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A cry for significance

By Barb Kugle
Special to The PREVIEW

I have come to believe that the cry of every human heart is a cry for significance.

Everyone wants to matter, to count for something.

We all want to be heard and acknowledged. It is what motivates us to succeed, or at least try, at whatever endeavor we pursue.

But, if my heart’s cry is only for my own significance, what value is there in that? Like a flower, I am here today and gone tomorrow. Do I exist for something bigger than my own significance?

I’ve been a writer for thirty-six years. I can be precise about the number of years because the passion to write came suddenly, like a spark sent from an unseen switch to the bulb in my head. Jesus told stories or parables to illustrate truths and that was what I wanted to do through fiction writing.

Recently, however, I fell into a bottomless pity-pit of self-doubt, and I asked myself, “Self, why are you putting yourself through all this heartache, hard work and rejection after rejection? For what?” What were my motives? Was it really no more than a cry for significance, or was there something deeper motivating me? And was this something real, or was it all a delusion.

All my writer friends will attest to the fact that they have gone through this same process of soul searching, yet most of them have persevered.

When I was a kid, my mom used to tell me that if I couldn’t do something right, I probably shouldn’t do it at all, so I usually opted for the probably shouldn’t try.

And then the other day, I saw myself in my 3-year-old grandson. He was in one of those pissy, woe-is-me moods. With a whiny pitch in his voice, he rejected everything I suggested we do. We’d play at something for a few minutes, and then he would decide that didn’t suit him either. Finally he threw up his hands and headed for the door.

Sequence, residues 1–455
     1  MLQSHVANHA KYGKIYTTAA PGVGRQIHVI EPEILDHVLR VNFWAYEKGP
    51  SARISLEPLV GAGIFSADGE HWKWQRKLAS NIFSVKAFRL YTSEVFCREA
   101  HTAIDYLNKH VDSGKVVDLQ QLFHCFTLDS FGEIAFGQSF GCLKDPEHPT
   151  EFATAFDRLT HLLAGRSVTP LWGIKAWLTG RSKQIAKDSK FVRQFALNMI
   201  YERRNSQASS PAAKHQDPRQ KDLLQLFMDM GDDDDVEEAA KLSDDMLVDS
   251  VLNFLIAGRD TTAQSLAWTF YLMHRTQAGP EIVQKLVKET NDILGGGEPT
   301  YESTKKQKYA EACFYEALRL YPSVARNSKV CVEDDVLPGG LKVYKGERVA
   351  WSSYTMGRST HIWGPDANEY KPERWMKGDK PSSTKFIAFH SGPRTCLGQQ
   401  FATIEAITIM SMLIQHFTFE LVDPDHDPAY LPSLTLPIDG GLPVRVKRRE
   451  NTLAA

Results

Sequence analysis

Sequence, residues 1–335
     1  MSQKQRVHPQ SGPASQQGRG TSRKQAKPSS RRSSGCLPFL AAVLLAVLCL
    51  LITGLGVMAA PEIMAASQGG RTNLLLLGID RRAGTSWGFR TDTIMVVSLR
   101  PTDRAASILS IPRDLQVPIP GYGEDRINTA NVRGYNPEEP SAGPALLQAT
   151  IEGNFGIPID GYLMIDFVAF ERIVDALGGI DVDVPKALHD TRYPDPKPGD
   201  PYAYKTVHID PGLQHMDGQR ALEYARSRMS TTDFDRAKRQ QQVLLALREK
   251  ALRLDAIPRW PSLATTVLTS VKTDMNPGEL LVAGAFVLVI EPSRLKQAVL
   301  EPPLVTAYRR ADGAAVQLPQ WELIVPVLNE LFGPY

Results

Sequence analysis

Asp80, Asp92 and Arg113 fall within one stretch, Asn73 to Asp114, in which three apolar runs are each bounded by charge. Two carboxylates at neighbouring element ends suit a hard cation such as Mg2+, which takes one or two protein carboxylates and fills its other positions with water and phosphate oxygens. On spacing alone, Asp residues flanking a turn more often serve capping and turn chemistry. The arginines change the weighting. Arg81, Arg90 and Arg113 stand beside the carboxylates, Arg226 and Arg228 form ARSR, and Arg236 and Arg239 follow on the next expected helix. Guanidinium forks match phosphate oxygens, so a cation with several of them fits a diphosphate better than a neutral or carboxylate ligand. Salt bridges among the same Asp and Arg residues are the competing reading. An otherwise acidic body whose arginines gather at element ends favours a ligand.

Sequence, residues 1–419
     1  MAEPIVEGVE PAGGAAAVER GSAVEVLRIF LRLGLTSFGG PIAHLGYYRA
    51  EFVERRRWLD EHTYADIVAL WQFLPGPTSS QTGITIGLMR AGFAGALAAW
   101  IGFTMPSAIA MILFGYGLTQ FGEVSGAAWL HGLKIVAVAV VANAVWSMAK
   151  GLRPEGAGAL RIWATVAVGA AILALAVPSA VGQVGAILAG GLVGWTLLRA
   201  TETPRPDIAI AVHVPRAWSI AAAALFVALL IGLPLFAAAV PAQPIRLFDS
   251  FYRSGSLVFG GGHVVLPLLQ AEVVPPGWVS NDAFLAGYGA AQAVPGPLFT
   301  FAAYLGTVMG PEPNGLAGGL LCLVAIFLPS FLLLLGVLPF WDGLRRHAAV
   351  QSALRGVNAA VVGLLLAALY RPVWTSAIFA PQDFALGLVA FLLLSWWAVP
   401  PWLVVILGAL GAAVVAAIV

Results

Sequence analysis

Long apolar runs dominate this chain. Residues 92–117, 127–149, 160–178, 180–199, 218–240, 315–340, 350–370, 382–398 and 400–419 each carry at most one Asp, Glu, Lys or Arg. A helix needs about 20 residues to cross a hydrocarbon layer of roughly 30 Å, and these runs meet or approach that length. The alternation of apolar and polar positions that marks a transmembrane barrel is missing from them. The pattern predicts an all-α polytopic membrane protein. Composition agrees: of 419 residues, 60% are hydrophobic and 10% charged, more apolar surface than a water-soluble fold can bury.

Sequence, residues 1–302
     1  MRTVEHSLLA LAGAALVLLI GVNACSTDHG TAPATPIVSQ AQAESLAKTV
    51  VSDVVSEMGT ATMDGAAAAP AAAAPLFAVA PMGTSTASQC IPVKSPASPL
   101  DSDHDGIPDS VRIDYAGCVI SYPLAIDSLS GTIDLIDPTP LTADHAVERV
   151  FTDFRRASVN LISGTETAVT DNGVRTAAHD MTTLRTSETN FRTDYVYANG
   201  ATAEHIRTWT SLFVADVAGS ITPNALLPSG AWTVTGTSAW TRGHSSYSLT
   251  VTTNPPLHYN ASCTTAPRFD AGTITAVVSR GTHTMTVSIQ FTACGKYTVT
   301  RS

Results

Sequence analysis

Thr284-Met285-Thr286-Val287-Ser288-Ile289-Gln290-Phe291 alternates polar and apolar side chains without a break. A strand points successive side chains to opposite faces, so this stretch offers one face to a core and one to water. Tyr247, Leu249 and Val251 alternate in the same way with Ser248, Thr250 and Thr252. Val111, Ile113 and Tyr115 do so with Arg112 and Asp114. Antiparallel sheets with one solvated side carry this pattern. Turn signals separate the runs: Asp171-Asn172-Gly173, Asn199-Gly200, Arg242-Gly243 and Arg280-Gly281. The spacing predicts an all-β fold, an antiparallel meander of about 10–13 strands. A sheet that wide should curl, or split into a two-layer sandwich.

“Grandma,” he said, “I give up. I just give up. I’m going home.”

Am I acting like a 3 year-old? Is there something more than my own significance driving this new venue for expressing my heart’s cry? We will see.

Will you join me? What is the cry of your heart? I want to hear it. I want you to challenge my thinking.

In future articles, I want to explore ancient history as well as American history. What do they reveal about the human heart?

What does our culture today reveal about the heart’s cry?

How does your personal world view affect your heart’s cry?

How do we differ in world views and why?

As writers of fiction, we must first decide what drives our characters. What do they want? What is their goal? Then we can decide how to plot their story. Hopefully, the readers will be drawn to that character’s story to find out how it ends.

What do you want? How has what you want shaped your story? Let’s share at  heartscryblog.wordpress.com.

Oh, by the way: There is a deeper reason I quit writing for publication, but it’s one that makes me sound like a chopped nut. So, I won’t go there, not just yet. Why perpetuate the myth my whole family already believes of me?


This story was posted on November 19, 2012.